Adopting the Mediterranean-style Diet

There have been plenty of articles promoting the health benefits of the Mediterranean diet. But for people used to packaged and pre-prepared food, adopting the mostly fresh and unprocessed diet was proving difficult, until the nutritionists at Tufts University came up with a plan.

Nutritional epidemiologists at Jean Mayer USDA Human Research Center at Tufts University in Boston, Massachusetts, developed a new “map” for adults in the USA and other countries who want to enjoy the great health benefits of the Mediterranean diet, but may not be able to get all of the same foods from the Mediterranean region.

“We developed a Mediterranean-style Dietary Pattern Score (MSDPS) to assess the conformity of an individual’s diet to a traditional Mediterranean-style diet,” the researchers, Dr. Marcella Rumawas, Dr. Johanna Dwyer and Dr. Nicola Mckeown wrote in the abstract to their paper, published in the April 2009 edition of the Journal of Nutrition

Based on the 13 food groups in the Mediterranean diet pyramid, the MSDPS was tested against the diets of people enrolled in the Framingham Offspring Study during 1999-2001.

The Framingham Offspring Study is a community-based, prospective, observational study of cardiovascular disease and its risk factors. It is perhaps the most famous study of heart disease ever undertaken, and much of our knowledge about heart disease and diet comes from results provided by this study.

Members of the Offspring cohort are white and of mixed European ancestry, The study began in 1971 with an older group, the Offspring’s parents, and is continued every four years.

Once the MSDPS had been developed, it was tested against the food choices of the Framingham Offspring participants. While they weren’t necessarily following a Mediterranean diet as such, the most heart-healthy ones were presumably eating the same balance of nutrients, such as an excellent intake of omega-3 fats, dietary fiber, B-complex vitamins, essential minerals, and antioxidant phytonutrients, and a low intake of saturated fats and trans fats and sugar.

Mediterranean Diet is Cardio-Protective

The USDA researchers predicted that their 13 food-group structure for analyzing the nutrient benefits of the Mediterranean diet would show which Framingham participants had a diet that was closest to providing the nutrient benefits of the Mediterranean diet and which participants had a diet that failed to provide these benefits.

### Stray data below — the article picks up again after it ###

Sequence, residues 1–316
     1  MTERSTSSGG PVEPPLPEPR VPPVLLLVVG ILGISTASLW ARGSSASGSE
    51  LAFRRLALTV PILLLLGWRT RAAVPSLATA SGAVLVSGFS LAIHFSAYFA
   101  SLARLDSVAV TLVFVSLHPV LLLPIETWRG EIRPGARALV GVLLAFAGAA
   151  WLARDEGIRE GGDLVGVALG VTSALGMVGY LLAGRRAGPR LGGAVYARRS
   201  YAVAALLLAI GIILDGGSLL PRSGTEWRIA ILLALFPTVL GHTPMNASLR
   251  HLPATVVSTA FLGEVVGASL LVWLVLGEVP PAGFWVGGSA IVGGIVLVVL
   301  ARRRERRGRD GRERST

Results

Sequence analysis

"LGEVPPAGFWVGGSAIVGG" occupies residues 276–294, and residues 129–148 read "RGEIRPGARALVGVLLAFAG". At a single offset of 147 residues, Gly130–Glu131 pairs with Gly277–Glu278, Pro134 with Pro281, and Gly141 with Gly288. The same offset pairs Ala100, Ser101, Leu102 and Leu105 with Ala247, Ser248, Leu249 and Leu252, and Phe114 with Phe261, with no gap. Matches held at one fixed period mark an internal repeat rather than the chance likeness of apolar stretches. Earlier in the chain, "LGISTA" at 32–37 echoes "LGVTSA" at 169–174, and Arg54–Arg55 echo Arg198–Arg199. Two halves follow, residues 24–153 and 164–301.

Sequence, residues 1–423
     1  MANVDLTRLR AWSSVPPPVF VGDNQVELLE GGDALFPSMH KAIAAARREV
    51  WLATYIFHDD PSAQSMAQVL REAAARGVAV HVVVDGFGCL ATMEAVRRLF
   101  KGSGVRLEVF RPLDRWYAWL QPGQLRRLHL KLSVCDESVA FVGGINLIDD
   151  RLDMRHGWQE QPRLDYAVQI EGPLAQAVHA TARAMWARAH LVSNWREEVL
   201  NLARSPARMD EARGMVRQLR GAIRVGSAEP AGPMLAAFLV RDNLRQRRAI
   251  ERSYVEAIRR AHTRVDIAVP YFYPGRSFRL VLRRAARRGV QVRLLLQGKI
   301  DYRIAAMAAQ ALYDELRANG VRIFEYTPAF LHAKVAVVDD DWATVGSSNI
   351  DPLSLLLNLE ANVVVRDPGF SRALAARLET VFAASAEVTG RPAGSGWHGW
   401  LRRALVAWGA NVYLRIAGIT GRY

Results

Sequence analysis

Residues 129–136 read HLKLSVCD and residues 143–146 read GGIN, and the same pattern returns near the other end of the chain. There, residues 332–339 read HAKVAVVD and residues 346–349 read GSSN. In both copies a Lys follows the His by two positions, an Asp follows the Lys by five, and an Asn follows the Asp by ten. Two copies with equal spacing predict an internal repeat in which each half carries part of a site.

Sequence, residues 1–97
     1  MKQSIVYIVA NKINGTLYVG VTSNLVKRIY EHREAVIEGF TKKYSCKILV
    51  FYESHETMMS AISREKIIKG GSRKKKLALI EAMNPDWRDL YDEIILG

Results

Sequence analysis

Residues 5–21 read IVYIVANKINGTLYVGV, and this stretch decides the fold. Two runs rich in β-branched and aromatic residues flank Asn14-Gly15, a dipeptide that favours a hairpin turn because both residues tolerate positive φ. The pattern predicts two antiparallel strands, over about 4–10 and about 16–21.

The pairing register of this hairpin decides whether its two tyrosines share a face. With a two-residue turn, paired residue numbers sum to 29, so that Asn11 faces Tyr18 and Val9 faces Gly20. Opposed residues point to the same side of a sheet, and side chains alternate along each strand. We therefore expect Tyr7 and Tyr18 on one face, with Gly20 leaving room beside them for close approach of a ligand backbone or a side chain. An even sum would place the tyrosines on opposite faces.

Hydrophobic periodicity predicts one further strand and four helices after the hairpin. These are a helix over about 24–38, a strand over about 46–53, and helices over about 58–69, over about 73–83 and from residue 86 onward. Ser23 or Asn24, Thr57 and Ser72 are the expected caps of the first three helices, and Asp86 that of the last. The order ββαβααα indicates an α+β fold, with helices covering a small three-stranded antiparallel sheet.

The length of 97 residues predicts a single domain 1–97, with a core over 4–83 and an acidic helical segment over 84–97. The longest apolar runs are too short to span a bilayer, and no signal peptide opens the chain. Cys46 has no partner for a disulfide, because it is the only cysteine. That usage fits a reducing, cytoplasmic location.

The Mediterranean diet has been cited in several clinical papers as being cardio-protective, especially for people over 50. The 13 main food groups included in the diet are: whole grain cereals, fruits, vegetables, dairy foods, wine, fish, poultry, olives/ legumes/nuts, potatoes, eggs, sweets, meats, and olive oil.

These provide good amounts of dietary fiber, omega-3 fatty acids, antioxidant vitamins, calcium, magnesium, and potassium, and low levels of added sugar, saturated fat, and trans-fat.

Testing Diets for Heart Health

What the USDA researchers hoped show was that the people in the Framingham Cohort with the healthiest hearts had diets that followed the essentials of the Mediterranean diet without necessarily being that diet.

That way, they could prove their tool, the MSDPS, would work to evaluate any diet for its contribution to healthier hearts, and enable people who didn’t live in the Mediterranean area to follow a heart-healthy nutrition pattern.

They found that participants whose diets had the highest MSDPS score were generally non-smoking or no longer smoking older women with relatively low BMI and waist measurements.

“The MSDPS demonstrated content validity through expected positive associations with intakes of dietary fiber, (omega-3) fatty acids, antioxidant vitamins, calcium, magnesium, and potassium, and inverse associations with those of added sugar, glycemic index, saturated fat, and trans-fat, and the (omega-6):(omega-3) fatty acid ratio,” the researchers wrote in the paper’s abstract.

Putting the Mediterranean Diet into Practice

Changing from a lifestyle where large amounts of processed and pre-packaged food contribute to daily nutrition to a heart-healthy Mediterranean–type diet won’t be easy initially, but the MSDPS highlights the 13 areas to focus on.

It might pay to take one food group at a time and incorporate it, increase it, or reduce it as needed before starting another group.That would be simpler than trying to adopt the whole diet in one attempt.

  • Increase: You will probably need to increase your consumption of fresh fruits, vegetables, whole grain cereals, olives/legumes/nuts, fish, and olive oil
  • Reduce: On the other hand, it’s probably time to cut back on the quantities of eggs, meats, and sweets.
  • Moderate: And with dairy foods, wine, poultry, and potatoes, moderation is the key.

You might also be interested in reading: Valentine’s Day – Think Food For your Heart, Mediterranean Diet May Relieve Depression and Cardio-protective Benefits of Weekly Fatty Fish

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